"The Occultist: Volume 1" Trade Paperback Review


Written by James Ferguson


Published by Dark Horse Comics



Written by Tim Seeley
Illustrated by Victor Drujiniu
2012, 136 Pages
Trade Paperback released on July 18th, 2012



Life wasn't great for Rob Bailey.  His girlfriend just left him.  His mom is an annoying religious nut.  His boss at his dead-end job at the local used book store can't pay him.  Needless to say, things couldn't get much worse.  That's when a strange package starts calling to him.  Upon opening it, he finds a magical book known as the sword and is imbued with the power of the Occultist.  Now his life doesn't suck as much but there's a price on his head a bunch of mystical bounty hunters aiming to collect.  

The Occultist, created by Tim Seeley and Mike Richardson, takes the simplest of ideas for a hero -- an unknowing young man stumbles into unexpected, but massive power -- and puts a fun, supernatural spin to it.  Yes, this has the same basic premise of characters like Spider-Man, but there's a bit more mystery here.  Every page of this trade paperback makes me want to learn more about the sword and where it came from.  Just like Peter Parker, Rob is an unwilling hero at first.  He uses his powers for fun and to get his girlfriend back.  It isn't until he experiences a bit of trauma before he realizes the depth of his new responsibilities.  He didn't have an Uncle Ben to guide him.

Click images to enlarge


The sword works in mysterious ways that Rob doesn't entirely understand at first.  It's designed to protect the user at all costs using a variety of spells.  It reacts automatically, often without Rob's permission.  The situations that it responds to are more than just attack or physical danger.  It jumps into action and erases the memory of Detective Melendez who comes in to question him about some strange murders discovered at the book store.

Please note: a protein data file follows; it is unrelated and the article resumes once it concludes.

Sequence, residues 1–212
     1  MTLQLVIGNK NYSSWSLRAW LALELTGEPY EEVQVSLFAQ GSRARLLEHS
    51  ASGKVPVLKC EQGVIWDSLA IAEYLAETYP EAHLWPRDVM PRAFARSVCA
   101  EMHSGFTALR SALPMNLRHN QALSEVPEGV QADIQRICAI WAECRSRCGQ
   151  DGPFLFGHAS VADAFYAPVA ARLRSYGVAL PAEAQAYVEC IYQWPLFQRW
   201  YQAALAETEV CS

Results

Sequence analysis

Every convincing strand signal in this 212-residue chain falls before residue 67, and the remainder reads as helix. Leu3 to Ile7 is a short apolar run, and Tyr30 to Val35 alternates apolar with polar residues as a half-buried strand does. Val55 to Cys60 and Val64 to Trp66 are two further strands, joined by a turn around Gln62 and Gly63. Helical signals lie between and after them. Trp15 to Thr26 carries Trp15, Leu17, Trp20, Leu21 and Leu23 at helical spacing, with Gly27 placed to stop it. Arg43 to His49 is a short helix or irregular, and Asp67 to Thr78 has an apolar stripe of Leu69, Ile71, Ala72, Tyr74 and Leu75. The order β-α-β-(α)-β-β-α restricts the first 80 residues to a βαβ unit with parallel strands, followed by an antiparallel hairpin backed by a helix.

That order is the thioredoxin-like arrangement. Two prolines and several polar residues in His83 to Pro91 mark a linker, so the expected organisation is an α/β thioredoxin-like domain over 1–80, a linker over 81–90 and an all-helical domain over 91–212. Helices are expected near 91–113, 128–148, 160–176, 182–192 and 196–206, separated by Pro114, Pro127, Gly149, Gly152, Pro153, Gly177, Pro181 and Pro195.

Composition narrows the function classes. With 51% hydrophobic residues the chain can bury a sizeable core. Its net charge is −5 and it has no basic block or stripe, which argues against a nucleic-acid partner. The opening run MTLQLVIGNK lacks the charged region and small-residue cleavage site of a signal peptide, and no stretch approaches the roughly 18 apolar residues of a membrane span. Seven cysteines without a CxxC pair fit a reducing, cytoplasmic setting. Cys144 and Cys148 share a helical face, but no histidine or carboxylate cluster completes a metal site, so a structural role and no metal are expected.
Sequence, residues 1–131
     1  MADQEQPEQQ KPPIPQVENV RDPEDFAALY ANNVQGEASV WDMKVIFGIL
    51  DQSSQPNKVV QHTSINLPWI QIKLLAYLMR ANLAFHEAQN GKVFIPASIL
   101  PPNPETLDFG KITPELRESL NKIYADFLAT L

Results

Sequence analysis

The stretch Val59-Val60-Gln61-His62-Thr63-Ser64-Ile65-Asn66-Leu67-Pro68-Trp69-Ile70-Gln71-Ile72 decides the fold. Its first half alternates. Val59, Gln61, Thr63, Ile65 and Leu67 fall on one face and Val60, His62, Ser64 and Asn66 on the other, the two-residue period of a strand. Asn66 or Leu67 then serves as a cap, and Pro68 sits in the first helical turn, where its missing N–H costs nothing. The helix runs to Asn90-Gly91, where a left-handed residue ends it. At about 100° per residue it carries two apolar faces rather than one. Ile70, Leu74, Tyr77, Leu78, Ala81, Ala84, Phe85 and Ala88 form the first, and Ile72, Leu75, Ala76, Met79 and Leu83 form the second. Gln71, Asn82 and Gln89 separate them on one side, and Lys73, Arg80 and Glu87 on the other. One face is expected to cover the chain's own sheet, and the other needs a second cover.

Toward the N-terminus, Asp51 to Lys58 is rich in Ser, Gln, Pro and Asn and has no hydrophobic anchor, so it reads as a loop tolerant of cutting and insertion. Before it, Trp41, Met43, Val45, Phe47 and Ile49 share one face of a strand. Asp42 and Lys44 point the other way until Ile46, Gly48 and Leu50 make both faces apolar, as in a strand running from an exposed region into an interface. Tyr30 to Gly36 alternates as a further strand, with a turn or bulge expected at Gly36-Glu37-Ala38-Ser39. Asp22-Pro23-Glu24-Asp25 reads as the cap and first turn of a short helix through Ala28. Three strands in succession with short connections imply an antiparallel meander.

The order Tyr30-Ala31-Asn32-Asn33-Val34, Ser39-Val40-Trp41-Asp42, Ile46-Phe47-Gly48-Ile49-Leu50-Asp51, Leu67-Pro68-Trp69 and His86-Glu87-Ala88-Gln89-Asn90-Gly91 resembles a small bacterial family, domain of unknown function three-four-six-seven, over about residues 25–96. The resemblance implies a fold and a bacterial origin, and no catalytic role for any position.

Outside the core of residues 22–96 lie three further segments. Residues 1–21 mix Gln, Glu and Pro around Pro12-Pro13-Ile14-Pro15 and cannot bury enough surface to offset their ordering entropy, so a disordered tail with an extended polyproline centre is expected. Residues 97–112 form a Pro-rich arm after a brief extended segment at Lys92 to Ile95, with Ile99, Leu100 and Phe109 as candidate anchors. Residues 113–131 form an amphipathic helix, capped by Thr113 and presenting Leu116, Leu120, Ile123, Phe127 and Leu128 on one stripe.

Rob's reckless and carefree attitude is at first balanced by Detective Melendez after their initial encounter.  She brings a bit of structure to his journey and she's the first person he confides in about his newfound abilities.  Melendez can't help him control the sword, but she can definitely help keep him alive.  This puts her in a weird spot in the police department as any case that's remotely out of the ordinary lands on her desk.  There's a definite sexual tension between the two, but considering that Melendez is at least a few years older than Rob, she has a maturity level that he can't hope to achieve any time soon.

Victor Drujiniu delivered some pretty beautiful art in The Occultist.  His work has an almost painted quality to it, creating a very smooth set of panels.  This works best in larger scenes, especially where Rob is fighting some of the creatures that come to try and kill him.  The design for the main character is a simple one.  The sword exists as a green glow on Rob's right hand.  He has to wear a glove, giving him a Michael Jackson look to cover it up.  When he goes into battle, he dons a large red cloak that flows out behind him.  This reinforces the mystical feel of the book, making Rob look like an old wizard.

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As much as I dug Drujiniu's interiors, Steve Morris gives him a run for his money with the covers each individual issue, featured as chapter breaks in this collection.  I've been impressed with Morris' covers for Angel & Faith lately and this is no different.  He manages to pack so much into each image that you can just get lost in them.  The cover for the collection is a perfect example of this, showing Rob reeling backward as a horde of bounty hunters of all shapes and sizes rampage towards him.  The types of creatures in this bunch include a giant, a Vegas showgirl, and what looks like a cartoon vampire.  I want the story behind each of these characters.  How did they get to this place at this time?

That's my only real problem with The Occultist.  It's too short.  You get an origin story and a bonus adventure that was included in Dark Horse Presents, but I want more.  There are so many unanswered questions and a ton of potential with the concept.  I want to find out everything I can about it.  The Occultist is a perfect blend of the supernatural with the modern technological world.  There just needs to be more of it.








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James Ferguson
Lord of the Funny Books
James has a 2nd grade reading level and, as a result, only reads books with pictures. Horror is his 5th favorite genre right after romantic comedy and just before silent films. No one knows why he's here, but he won't leave.
Other articles by this writer



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